After flying under the radar for the majority of his four year career at Iowa State, Diante Garrett has become a big name in NBA draft circles over the last couple months, and now has a chance to hear his name called in next week's draft.
Garrett put up over 17 points and 6 assists per game this season in one of the toughest leagues in college basketball, but most of the buzz about him didn't start picking up until teams saw more of him at Portsmouth and in workout settings. His stock has elevated to the point that he has a very good chance of being picked in the first half of the second round, which makes him one of the fastest risers in this draft.
The intrigue with Garrett begins with his excellence size and length at the point guard position, as he stands at 6'5 with an almost 6'9 wingspan. He's still very thin and could stand to add quite a bit more strength to his slim 181 pound frame, but that could come in time if he puts the work in.
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Garrett also has benefit of his father, Dean Garrett, being a former NBA player, and his coach at Iowa State, Fred Hoiberg, also being a very well respected former NBA player and front office executive. This has likely helped him with how to prepare and handle himself throughout the pre-draft process, and he's done a nice job taking advantage of that and earning some fans amongst NBA decision-makers. His energy, work ethic and overall approach have been mentioned numerous times as major keys to his rapid ascension as of late.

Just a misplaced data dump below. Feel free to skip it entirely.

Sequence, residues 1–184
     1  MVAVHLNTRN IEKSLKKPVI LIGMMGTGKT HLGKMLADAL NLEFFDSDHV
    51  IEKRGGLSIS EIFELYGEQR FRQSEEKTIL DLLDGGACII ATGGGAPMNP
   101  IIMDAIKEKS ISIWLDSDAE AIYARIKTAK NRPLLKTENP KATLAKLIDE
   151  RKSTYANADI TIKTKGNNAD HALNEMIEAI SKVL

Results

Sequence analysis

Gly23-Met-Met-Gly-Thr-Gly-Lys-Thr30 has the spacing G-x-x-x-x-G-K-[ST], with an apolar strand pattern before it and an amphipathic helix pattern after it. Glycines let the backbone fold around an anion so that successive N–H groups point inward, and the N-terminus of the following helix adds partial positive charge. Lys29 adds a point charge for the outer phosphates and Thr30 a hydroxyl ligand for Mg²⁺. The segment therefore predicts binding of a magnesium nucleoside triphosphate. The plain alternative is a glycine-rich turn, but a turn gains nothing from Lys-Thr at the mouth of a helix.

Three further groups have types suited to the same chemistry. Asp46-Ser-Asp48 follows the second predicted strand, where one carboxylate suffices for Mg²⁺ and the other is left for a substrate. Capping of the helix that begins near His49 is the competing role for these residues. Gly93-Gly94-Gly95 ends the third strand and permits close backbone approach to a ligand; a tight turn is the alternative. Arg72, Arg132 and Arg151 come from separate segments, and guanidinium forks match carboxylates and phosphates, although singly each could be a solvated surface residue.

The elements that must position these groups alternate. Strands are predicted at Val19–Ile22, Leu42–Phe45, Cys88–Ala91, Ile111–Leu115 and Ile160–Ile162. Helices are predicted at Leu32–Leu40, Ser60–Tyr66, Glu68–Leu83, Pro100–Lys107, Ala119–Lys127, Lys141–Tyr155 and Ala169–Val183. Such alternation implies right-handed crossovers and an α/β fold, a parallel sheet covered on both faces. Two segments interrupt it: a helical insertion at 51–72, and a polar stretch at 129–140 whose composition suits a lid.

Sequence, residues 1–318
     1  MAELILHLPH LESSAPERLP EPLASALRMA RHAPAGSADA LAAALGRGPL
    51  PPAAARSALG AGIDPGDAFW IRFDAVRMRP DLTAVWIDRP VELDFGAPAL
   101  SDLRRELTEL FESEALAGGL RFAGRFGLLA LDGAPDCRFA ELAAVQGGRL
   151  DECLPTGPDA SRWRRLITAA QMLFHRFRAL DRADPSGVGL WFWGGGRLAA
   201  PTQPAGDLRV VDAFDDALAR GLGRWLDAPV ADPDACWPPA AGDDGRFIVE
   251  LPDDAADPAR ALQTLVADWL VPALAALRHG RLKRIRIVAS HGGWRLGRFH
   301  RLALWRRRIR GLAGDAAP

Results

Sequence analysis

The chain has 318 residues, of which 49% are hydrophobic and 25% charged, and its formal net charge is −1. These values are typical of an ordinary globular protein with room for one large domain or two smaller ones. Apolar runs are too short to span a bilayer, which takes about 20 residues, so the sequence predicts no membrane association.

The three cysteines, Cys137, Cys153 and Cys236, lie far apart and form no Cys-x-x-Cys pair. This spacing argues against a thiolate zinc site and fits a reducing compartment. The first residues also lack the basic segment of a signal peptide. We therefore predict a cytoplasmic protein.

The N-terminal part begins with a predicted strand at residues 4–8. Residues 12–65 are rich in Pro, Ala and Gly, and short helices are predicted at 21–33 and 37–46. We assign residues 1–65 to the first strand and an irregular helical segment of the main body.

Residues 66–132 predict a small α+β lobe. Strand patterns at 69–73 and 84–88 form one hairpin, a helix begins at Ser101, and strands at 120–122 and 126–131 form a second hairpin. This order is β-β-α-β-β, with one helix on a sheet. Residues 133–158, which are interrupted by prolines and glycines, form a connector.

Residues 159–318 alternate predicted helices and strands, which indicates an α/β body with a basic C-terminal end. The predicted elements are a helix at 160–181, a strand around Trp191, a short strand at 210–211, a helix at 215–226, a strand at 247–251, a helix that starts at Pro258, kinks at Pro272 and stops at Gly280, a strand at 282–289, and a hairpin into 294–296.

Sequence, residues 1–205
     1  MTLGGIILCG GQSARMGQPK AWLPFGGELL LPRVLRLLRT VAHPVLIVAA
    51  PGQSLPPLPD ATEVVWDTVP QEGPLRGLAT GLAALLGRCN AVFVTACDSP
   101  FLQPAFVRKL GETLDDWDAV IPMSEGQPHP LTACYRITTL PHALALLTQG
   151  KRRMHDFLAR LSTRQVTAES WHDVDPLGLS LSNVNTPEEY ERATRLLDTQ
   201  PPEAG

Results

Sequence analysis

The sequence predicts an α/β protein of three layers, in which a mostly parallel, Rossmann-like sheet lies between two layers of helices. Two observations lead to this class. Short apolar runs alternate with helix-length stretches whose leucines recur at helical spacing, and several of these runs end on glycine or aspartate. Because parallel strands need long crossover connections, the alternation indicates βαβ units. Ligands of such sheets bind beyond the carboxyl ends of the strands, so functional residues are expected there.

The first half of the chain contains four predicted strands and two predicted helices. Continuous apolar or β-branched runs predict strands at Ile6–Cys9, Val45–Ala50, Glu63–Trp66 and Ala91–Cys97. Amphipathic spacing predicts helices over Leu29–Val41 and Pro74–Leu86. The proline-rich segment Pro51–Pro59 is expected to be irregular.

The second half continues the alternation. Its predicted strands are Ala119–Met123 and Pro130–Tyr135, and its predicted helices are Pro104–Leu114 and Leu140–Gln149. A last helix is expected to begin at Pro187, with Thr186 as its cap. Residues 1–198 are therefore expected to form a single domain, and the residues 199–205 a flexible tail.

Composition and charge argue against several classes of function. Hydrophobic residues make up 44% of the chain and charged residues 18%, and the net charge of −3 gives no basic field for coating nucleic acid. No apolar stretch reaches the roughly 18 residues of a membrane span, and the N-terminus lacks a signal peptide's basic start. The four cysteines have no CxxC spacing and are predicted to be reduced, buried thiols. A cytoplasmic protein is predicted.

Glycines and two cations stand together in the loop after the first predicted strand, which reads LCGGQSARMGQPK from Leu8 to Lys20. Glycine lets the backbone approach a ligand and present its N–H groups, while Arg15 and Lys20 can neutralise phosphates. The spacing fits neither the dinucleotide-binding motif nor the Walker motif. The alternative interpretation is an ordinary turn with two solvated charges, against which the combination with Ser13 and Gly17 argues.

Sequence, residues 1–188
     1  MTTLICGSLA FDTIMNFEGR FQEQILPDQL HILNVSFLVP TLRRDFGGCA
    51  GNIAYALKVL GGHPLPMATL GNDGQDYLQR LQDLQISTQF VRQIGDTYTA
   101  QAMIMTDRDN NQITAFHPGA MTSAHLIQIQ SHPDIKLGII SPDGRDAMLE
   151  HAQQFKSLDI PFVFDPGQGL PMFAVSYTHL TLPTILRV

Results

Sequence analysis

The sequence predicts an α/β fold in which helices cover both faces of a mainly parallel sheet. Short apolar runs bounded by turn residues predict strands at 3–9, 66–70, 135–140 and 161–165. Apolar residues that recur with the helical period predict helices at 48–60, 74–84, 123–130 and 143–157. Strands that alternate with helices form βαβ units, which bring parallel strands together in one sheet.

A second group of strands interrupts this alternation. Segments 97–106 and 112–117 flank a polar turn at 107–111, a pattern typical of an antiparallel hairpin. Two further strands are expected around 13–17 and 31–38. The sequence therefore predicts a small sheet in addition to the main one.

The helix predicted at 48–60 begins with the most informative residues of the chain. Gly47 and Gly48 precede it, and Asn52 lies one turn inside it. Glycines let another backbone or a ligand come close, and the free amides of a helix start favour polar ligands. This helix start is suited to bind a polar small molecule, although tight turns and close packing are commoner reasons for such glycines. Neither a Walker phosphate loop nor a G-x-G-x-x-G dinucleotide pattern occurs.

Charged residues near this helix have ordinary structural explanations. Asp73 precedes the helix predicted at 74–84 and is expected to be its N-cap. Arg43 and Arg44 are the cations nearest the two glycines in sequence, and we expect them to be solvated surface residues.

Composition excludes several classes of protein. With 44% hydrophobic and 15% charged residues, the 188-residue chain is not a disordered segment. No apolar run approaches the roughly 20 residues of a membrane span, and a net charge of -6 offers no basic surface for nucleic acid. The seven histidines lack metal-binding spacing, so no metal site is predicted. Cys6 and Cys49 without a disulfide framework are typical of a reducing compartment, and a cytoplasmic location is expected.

Offensively, Garrett seems to embrace his role as a playmaker and facilitator at the point guard position. He has good speed, rangy strides, and a quick first step that he utilizes along with his shiftiness with the ball in his hands to get into the paint regularly off the bounce. He also shows a nice handle and a strong command and confidence with the ball. His 1.93 Pure Point Rating (PPR) ranked 7th of all players in our top-100 rankings, as he showed the ability to get into the lane off of pick-and-roll or isolation sets and find the open man.
With the losses of Marquis Gilstrap and Craig Brackins after the 2009-2010 season, Garrett's role on offensive end increased for the Cyclones, as he was asked to create and score and at a higher rate as a senior. That came with mixed results as he increased his scoring output from 11.1 to 17.6 points per forty minutes pace adjusted, but he also attempted 3-pointers at nearly triple the rate of his junior season, while connecting on only 32% of his attempts. This hurt his efficiency on the offensive end, as he's clearly not a good enough shooter from the perimeter at this point to be shooting that many 3's.
He has made some strides as a shooter since he started his career at Iowa State, however, as he converted only 39 3-pointers in his first three seasons combined and made 59 as a senior. He also improved his free throw percentage from around 70% for 3 seasons to over 83% in his senior season. He'll need to continue to improve as a shooter to give himself a better chance at sticking in the NBA.
On the plus side, Garrett shoots better and seems more comfortable shooting off the dribble than off the catch and does a nice job creating space to free himself for open looks in the mid-range area. With his speed, shiftiness, and size, this is something he can continue to utilize at the next level off the dribble on isolation and pick-and-roll opportunities, but he'll need to increase his range to make defenders play him more honestly on the perimeter and not make it so easy for them to just go underneath screens.